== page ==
Just as you wouldn’t use the same images and copy for a billboard as you would an ad in the newspaper, you shouldn’t use the same creative for every possible Facebook ad placement (that includes desktop feed, mobile news feed, right column, instant stories, and Instagram). What you’re choosing when you choose Automatic Placements is exactly that. Instead, separate your ad sets by placement as well as audience so you get a better understanding of where your ads are performing well.
5. TARGETING TOO BROAD
Facebook is one of the only marketing channels (and certainly the cheapest) that allows you to reach people based on their recreational interests. It’s a super powerful platform for that reason and using interest targeting is extremely tempting because it seems like such a sure thing: if I’m selling golf clubs, shouldn’t I naturally target everyone on Facebook who likes golf?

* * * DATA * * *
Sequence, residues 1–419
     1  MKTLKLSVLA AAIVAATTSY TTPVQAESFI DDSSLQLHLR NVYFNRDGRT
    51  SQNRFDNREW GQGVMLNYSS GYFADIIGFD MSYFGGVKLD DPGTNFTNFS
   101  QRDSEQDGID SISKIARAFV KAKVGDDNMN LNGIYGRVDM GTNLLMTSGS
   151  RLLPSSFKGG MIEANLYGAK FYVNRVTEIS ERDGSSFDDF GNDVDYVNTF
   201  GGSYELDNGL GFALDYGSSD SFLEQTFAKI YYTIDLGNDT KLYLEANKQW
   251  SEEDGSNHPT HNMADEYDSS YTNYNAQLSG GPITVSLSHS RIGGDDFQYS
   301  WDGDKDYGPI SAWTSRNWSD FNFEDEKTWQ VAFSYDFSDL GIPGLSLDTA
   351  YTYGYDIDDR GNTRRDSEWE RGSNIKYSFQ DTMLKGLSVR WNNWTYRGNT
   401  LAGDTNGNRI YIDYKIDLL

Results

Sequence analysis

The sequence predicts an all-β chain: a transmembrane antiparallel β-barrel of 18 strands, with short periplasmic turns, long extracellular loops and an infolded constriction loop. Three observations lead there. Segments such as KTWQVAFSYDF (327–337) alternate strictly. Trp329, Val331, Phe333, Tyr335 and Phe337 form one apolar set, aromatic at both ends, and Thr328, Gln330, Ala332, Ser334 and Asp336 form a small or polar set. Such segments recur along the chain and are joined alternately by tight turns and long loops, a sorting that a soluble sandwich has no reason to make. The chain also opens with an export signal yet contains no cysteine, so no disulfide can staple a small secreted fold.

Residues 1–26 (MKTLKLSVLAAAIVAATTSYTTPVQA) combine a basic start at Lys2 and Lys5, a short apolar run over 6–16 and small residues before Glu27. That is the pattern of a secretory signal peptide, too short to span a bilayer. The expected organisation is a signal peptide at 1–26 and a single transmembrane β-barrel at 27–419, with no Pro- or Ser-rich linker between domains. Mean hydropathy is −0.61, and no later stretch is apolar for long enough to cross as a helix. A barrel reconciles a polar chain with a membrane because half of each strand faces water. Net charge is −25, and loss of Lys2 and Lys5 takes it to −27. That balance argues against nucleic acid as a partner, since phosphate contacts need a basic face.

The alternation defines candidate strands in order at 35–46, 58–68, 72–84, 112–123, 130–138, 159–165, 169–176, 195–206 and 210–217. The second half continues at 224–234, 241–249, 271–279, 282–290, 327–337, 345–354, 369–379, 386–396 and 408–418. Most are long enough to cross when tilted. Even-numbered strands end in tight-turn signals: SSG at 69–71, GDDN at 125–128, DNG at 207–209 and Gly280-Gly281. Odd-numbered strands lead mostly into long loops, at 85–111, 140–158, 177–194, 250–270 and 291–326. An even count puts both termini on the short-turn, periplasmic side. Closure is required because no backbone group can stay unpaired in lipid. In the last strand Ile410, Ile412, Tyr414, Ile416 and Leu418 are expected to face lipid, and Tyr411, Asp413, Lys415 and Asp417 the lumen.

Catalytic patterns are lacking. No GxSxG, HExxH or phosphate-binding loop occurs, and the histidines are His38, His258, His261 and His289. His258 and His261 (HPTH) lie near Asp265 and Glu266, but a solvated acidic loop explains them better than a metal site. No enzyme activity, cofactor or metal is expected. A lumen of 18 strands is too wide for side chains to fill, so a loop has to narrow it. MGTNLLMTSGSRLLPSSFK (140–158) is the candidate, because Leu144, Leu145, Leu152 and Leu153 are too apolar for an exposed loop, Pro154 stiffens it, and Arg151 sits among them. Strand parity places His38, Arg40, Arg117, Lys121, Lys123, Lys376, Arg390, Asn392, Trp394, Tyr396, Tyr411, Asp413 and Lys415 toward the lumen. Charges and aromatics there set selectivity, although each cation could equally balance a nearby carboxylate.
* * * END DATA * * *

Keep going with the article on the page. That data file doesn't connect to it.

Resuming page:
One rookie mistake I see a lot of e-commerce businesses making with their Facebook ads is using targeting that is too broad. If your product appeals to a niche community, then you should use get in front of that niche community. Niche is always better than broad, because niche interests say so much more about a person’s true habits. For example, what’s the difference between a person who likes movies and a person who likes John Waters movies? A lot.